House moves to condemn Trump for attacks on minority congresswomen

Politics

WASHINGTON (Reuters) – President Donald Trump pressured fellow Republicans on Tuesday to stand with him and vote against a symbolic measure condemning his racially charged attacks on four Democratic congresswomen.

Democrats, who have a majority in the U.S. House of Representatives, were expected to pass the symbolic resolution of condemnation on Tuesday evening. But it is Republican lawmakers who will be in the spotlight as they will be forced to either vote against their party’s leader, who has strong support among conservatives, or effectively defend him.

Outrage over Trump’s Sunday tweetstorm – in which he told four prominent minority Democratic congresswomen to “go back and help fix the totally broken and crime infested places from which they came” – has since diverted attention from all other business in Washington.

All four lawmakers are U.S. citizens; three were born in the United States.

“These are our sisters,” House Speaker Nancy Pelosi said of the four lawmakers targeted by Trump, who are in their first terms in Congress, during a closed caucus meeting on Tuesday, according to an aide who was present.

Pelosi said she hoped some Republicans would support the resolution. “If they can’t support condemning the words of the president, well, that’s a message in and of itself,” she said.

The lawmakers – Alexandria Ocasio-Cortez of New York, Ilhan Omar of Minnesota, Ayanna Pressley of Massachusetts and Rashida Tlaib of Michigan – have been critical of Trump, as well as of the current Democratic leaders of the House, straining party unity in that chamber.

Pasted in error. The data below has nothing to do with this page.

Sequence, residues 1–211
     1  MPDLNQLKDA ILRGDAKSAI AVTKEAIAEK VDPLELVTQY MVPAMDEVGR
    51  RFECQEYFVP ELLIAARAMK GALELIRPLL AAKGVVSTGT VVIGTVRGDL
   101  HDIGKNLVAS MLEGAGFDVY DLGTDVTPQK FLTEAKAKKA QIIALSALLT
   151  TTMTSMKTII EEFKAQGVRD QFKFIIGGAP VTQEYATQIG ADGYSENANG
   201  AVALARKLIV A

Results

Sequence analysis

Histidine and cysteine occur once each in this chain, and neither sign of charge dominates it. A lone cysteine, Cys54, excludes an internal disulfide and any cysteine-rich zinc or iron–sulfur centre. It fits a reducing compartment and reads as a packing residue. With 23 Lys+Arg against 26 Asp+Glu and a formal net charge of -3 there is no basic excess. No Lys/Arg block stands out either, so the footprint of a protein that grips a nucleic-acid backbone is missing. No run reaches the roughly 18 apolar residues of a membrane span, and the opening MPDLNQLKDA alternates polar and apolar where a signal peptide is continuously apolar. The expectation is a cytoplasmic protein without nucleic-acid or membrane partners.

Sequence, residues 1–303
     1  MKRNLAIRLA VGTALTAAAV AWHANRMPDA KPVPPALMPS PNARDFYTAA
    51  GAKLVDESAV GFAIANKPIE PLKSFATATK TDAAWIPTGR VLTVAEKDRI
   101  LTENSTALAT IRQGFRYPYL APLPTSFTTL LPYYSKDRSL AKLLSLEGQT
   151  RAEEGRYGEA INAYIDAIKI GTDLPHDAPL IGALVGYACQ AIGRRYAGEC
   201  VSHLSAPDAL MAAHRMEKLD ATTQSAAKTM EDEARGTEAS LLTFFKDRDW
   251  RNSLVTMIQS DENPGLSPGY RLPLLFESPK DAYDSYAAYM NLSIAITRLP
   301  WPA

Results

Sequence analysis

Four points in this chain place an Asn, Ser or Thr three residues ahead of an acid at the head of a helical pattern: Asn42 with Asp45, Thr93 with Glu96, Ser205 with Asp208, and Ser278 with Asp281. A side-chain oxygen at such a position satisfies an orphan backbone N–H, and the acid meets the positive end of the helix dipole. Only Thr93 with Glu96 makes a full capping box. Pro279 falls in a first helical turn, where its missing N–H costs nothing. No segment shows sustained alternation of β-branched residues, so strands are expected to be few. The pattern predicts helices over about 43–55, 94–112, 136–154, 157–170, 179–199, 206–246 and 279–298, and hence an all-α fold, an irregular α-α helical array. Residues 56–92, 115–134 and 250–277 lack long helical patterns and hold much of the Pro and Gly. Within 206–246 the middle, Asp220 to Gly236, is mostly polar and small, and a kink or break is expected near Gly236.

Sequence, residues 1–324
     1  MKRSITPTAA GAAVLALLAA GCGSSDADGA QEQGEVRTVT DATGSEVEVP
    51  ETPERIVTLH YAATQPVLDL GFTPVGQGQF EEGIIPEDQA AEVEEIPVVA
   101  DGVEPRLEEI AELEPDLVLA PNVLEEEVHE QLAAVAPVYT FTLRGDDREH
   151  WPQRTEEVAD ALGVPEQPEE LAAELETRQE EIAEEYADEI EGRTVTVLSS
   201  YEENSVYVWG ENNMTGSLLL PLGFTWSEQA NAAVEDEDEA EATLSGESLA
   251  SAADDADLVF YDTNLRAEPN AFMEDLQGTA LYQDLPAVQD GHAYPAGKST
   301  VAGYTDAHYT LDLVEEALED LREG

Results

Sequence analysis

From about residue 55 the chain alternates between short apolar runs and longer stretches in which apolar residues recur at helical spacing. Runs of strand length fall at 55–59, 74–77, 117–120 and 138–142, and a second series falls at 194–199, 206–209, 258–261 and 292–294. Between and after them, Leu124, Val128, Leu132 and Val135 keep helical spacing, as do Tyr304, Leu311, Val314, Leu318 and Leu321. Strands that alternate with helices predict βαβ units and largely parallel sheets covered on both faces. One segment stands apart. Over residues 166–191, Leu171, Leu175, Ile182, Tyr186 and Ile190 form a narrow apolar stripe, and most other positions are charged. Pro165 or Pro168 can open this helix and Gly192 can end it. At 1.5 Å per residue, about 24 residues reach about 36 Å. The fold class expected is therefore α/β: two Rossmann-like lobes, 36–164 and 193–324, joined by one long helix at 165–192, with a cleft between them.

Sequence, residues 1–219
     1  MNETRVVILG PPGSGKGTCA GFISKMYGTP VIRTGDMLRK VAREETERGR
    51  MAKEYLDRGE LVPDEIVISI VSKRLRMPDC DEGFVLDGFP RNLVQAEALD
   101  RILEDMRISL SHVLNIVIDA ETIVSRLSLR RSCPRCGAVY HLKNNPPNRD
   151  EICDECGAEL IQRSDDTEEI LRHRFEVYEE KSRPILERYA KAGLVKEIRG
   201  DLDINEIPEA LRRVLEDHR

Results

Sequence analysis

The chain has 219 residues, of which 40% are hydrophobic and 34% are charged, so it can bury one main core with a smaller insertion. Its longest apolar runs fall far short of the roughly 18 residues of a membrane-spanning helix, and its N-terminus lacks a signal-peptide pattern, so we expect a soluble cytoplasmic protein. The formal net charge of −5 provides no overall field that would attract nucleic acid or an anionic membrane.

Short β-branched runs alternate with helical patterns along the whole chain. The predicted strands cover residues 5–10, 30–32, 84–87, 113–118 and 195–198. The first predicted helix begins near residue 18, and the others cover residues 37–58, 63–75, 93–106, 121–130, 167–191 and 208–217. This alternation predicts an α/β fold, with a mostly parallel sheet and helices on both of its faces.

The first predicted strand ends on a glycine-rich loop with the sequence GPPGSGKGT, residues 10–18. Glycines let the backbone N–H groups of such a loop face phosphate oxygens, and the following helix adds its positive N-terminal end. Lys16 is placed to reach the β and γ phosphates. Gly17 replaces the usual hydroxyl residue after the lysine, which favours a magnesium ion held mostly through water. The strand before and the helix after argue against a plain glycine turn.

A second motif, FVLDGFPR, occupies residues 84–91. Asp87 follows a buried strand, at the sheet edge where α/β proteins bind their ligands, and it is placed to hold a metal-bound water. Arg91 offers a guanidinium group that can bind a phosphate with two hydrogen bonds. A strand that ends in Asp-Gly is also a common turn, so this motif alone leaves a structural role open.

Trump has a history of what critics consider race-baiting. He led a movement that falsely claimed former President Barack Obama was not born in the United States and he said after a deadly, white supremacist-led rally in Charlottesville, Virginia, that “both sides” were to blame for violence there.

U.S. Reps Rashida Tlaib (D-MI), Ilhan Omar (D-MN), Alexandria Ocasio-Cortez (D-NY) and Ayanna Pressley (D-MA) hold a news conference after Democrats in the U.S. Congress moved to formally condemn President Donald Trump’s attacks on the four minority congresswomen on Capitol Hill in Washington, U.S., July 15, 2019. REUTERS/Erin Scott

Only a handful of Republican lawmakers have spoken out against Trump’s tweets about the congresswomen, doing so in muted tones.

The resolution, seen by Reuters late on Monday, said the House “strongly condemns President Donald Trump’s racist comments that have legitimized and increased fear and hatred of new Americans and people of color.”

House Republican Leader Kevin McCarthy said he would encourage his members to vote against the resolution condemning Trump.

“It’s all politics,” McCarthy told reporters.

Trump later retweeted McCarthy’s comments and thanked him.

FILE PHOTO – U.S. President Donald Trump speaks at the third annual “Made in America Product Showcase” on the South Lawn of the White House in Washington, U.S., July 15, 2019. REUTERS/Leah Millis

Trump was asked by reporters at the White House where he thought the four American lawmakers should go.

“It’s up to them. Do what they want. They can leave. They can stay. But they should love our country, and they should work for the good of our country,” Trump said, adding complaints about some of their past remarks.

Earlier, Trump had warned Republicans on Twitter against voting against him. “Those Tweets were NOT Racist. I don’t have a Racist bone in my body! The so-called vote to be taken is a Democrat con game. Republicans should not show ‘weakness’ and fall into their trap.”

In response, Ocasio-Cortez tweeted: “You’re right, Mr. President – you don’t have a racist bone in your body. You have a racist mind in your head, and a racist heart in your chest.”

Reporting by Richard Cowan and Susan Cornwell; additional reporting by Jeff Mason and Amanda Becker; Writing by Roberta Rampton and Susan Heavey; Editing by Kevin Drawbaugh, Bill Trott and Alistair Bell

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